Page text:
Stroke rehabilitation in the context of early supported discharge. Quantitative and qualitative aspects of daily life after mild-to-moderate stroke
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Stroke affects mainly elderly people and is a major cause of disability worldwide. A primary focus in rehabilitation is stroke survivors’ ability to engage in daily life. Current evidence supports Early Supported Discharge (ESD) to home and follow-up rehabilitation in the municipality over conventional care in hospital. This view arises because promising results show that independent living in the community is possible, and patients who are mildly to moderately affected by stroke benefit the most. However, we do not know which rehabilitation model in the municipality produces the best gain in stroke survivors’ activities of daily living (ADL) ability, or how this new way of organising stroke rehabilitation is working for patients. The overall aim of this thesis work was to broaden our understanding of different aspects of daily life after stroke and ESD rehabilitation models in the municipality. We aimed to acquire more crucial knowledge about successful outpatient rehabilitation and to contribute to a more comprehensive understanding of what it means to live with mild-to-moderate stroke. The objective of paper 1 was to compare three models of outpatient rehabilitation: ESD in a day unit, ESD at home, and traditional treatment in the municipality (control group). It was hypothesised that ESD models would result in superior outcomes in ADL ability (in terms of changed performance and independence) during the first 3 months after stroke. A group comparison study was designed within a larger, more comprehensive randomised controlled trial (RCT). Patients were tested with the Assessment of Motor and Process Skills (AMPS), a tool for evaluating the quality of ADL (performance and independence), at baseline and discharged directly to their homes. The AMPS was used as a primary outcome measure, and the modified Rankin Scale (mRS) was used as a secondary outcome measure. Included in the study were 154 stroke survivors (median age: 73 years), with an overall mild-to-moderate disability, a short stay in the stroke unit (median: 8 days), and no significant differences in baseline characteristics. Their baseline ADL scores indicated some functional limitations, and the AMPS revealed more problems than the mRS. We had a substantial lost to follow-up, with 103 patients being retested at 3 months. Compared to those who were retested, lost-to-follow-up subjects were older, lived more often alone, and had suffered a more complicated stroke. We found no significant differences when comparing pre-post changes in ADL scores between the rehabilitation groups. Within the group of patients who were retested, we found significant pre-post improvement for all the AMPS scores but no significant changes for the mRS scores. Controlling for possible confounding factors, patients in the ESD groups were, compared to the control group, significantly associated with improved ADL ability at 3 months measured by the mRS but not the AMPS. We concluded that further investigation is needed to find the best rehabilitation model to improve stroke survivors ADL ability. ESD rehabilitation may be beneficial to patients with participation restrictions or physical impairment after stroke. In paper 2, the objective was to explore mild stroke survivors’ experiences of living with stroke in the context of ESD and continued rehabilitation at home. The objective of paper 3 was to explore mild-to-moderate stroke survivors’ experiences with home rehabilitation after ESD. Both studies were based on the same in-depth interviews anchored within a qualitative interpretative interview design, conducted in the context of the larger RCT. Eight patients between 45 and 80 years old from the home rehabilitation group were selected for the interviews. Extensive interview data formed the basis for paper 2 and paper 3. The empirical material for both papers were analysed using an interpretive approach and systematic text condensation. The coping theory, called Sense of Coherence, was used in later stages of the analysis to further deepen our understanding. With this background in mind, in paper 2 our analysis focused on patient-attributed meanings of their changed body, their activity, and participation in the home recovery process after stroke. We found that living with mild stroke affected the participants’ life on an existential level. Differences and similarities in experienced challenges were related to vital health issues, the body, and self-perception, which are dimensions that seem to complicate practical tasks and close relationships. Six to 8 months after the stroke, the participants were still living with unresolved rehabilitation needs. We concluded that mild stroke rehabilitation should focus more intensely on basic concerns related to vital health issues, the body, and self, which seem to complicate mild stroke survivors’ entrance back into practical and social activities. Comprehending their own changed body and sense of self seems to be a long-term process, even when living with mild stroke. We suggested that healthcare professionals should be more aware of stroke survivors who experience an uncertain situation and unresolved rehabilitation needs. The focus of interest in paper 3 was on patient-attributed meanings of how ESD and home rehabilitation contributed to their recovery 6-8 months after returning home. We found that the process of recovery was motivated by a hope of attaining a life worth living. Crucial determinants to their hope were their ability to make sense of their now-altered body, as well as cultivating mutual confidence in the healthcare professionals with whom they were involved. Getting familiar with their changed body was an emotional process, an process for which the participants requested help. To accommodate stroke survivors’ need of emotional support to foster the hope necessary to forge ahead, healthcare professionals’ communication qualities and their ability to attend to individual needs were deemed important. We concluded that professionals involved in home rehabilitation should strive for cooperation among all stakeholders and build a flexible service based on individual needs. Increased attention to therapeutic communicative qualities, bodily changes, emotional processes, social relationships, and long-term follow-up might contribute to a richer and more beneficial experience for stroke survivors. In summary, evidence provided by this thesis work on ESD models of rehabilitation after stroke does not clearly recommend ESD models over traditional rehabilitation in the municipality. This conclusion refers explicitly to outcomes of changed ADL performance and independence during the first 3 months after mild-to-moderate stroke. Existential and emotional challenges seem to be the core of what mild-tomoderate stroke survivors are struggling with even 6-8 months after onset.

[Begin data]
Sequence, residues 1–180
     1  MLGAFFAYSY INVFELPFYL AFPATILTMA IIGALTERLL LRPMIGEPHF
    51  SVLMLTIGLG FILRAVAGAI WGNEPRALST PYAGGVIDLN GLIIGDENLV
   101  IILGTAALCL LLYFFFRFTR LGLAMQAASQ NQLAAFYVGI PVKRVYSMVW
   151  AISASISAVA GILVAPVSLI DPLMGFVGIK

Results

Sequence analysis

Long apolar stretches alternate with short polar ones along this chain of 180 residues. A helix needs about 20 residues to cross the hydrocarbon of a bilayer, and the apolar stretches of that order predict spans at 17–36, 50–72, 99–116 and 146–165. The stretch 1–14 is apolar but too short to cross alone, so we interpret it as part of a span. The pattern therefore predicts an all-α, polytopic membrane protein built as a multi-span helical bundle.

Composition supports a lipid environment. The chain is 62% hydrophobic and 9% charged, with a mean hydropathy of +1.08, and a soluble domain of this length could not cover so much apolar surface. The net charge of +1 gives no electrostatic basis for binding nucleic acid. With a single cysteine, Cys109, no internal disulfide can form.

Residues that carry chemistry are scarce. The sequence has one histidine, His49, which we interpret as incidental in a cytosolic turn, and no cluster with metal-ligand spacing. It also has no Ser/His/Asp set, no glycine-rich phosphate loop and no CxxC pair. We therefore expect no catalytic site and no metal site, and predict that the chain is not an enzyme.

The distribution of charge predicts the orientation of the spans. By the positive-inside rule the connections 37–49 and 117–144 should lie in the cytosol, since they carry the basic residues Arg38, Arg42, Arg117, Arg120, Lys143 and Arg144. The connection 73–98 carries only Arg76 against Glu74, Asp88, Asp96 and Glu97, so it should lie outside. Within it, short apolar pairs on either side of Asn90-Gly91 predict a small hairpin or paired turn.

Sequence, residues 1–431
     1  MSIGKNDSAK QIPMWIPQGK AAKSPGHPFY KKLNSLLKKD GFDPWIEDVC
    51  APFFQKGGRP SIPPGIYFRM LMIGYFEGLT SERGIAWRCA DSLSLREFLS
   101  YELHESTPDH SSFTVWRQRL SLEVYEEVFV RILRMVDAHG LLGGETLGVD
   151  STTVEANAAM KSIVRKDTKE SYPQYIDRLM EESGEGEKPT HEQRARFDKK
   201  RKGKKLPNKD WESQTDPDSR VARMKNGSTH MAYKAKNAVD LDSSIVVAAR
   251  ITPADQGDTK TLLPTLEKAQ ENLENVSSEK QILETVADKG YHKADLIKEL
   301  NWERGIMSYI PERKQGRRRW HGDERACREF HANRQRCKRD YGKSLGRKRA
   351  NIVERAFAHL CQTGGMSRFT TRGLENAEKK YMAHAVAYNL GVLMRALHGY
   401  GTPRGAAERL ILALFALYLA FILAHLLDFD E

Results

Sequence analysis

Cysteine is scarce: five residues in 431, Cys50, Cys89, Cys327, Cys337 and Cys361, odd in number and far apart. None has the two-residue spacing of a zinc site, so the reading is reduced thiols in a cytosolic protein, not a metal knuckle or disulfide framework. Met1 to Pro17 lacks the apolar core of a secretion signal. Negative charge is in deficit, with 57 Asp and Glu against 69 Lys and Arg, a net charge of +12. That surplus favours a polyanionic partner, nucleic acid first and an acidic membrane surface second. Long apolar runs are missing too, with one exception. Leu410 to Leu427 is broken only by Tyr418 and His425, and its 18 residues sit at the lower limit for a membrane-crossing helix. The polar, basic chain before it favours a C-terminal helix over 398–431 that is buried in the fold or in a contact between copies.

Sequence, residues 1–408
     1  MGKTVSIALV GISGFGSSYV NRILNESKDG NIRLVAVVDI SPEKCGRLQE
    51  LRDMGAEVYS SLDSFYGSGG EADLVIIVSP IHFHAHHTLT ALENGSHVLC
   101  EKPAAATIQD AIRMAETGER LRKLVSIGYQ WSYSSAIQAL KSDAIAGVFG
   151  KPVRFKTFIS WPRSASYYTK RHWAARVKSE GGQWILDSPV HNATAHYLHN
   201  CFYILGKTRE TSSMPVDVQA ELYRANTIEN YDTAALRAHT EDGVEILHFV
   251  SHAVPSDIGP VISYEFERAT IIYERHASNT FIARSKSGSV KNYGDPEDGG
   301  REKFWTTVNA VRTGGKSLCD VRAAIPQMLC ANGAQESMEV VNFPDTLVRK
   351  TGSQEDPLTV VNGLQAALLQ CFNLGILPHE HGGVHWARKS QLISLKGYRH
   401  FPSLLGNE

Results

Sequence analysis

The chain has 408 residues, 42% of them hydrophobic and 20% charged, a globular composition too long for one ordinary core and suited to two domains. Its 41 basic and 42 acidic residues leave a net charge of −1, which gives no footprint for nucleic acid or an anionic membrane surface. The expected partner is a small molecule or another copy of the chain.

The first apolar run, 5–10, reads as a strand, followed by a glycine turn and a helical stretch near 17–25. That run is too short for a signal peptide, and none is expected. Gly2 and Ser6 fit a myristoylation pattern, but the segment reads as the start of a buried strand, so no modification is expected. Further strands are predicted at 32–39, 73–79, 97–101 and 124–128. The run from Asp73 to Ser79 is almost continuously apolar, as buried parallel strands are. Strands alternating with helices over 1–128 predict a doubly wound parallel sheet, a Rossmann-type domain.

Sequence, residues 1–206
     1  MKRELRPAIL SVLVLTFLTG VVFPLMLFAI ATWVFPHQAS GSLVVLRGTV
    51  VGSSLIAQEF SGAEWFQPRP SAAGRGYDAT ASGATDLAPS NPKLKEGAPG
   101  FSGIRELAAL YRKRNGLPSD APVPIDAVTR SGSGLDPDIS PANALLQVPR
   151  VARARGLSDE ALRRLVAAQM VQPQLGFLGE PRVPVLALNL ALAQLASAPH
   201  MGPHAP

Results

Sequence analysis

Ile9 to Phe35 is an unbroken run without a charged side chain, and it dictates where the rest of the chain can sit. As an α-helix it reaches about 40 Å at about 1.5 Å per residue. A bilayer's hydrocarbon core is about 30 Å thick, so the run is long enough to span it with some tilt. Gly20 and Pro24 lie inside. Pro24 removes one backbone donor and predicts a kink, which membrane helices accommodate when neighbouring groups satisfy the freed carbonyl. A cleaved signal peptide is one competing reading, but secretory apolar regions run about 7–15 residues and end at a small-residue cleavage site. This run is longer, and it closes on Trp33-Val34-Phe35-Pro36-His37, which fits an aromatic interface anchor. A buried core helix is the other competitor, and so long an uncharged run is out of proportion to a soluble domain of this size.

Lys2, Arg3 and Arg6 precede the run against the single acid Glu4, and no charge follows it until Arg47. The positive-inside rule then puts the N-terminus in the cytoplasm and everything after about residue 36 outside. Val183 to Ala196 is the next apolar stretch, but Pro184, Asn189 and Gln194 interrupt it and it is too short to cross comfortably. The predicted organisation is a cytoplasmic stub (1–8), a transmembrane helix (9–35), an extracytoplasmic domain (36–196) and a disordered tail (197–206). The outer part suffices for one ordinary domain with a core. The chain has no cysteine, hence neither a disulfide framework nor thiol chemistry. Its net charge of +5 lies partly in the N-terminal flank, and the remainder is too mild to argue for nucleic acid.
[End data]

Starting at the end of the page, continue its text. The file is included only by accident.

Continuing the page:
Has partsPaper 1: Taule T, Strand LI, Assum J, Skouen JS. Ability in daily activities after early supported discharge models of stroke rehabilitation. Scand J Occ Ther 2015;22(5):355-65. The article is available at: http://hdl.handle.net/1956/10730
Paper 2: Taule T, Råheim M. Life changed existentially: a qualitative study of experiences at 6- 8 months after mild stroke. Disabil Rehabil. 2014;36(25):2107-19. The article is not available in BORA due to publisher restrictions. The published version is available at: http://dx.doi.org/10.3109/09638288.2014.904448
Paper 3: Taule T, Strand LI, Skouen JS, Råheim M. Striving for a life worth living: stroke survivors’ experiences of home rehabilitation. Scand J Caring Sci. 2015;29(4): 651–61. The article is available at: http://hdl.handle.net/1956/10733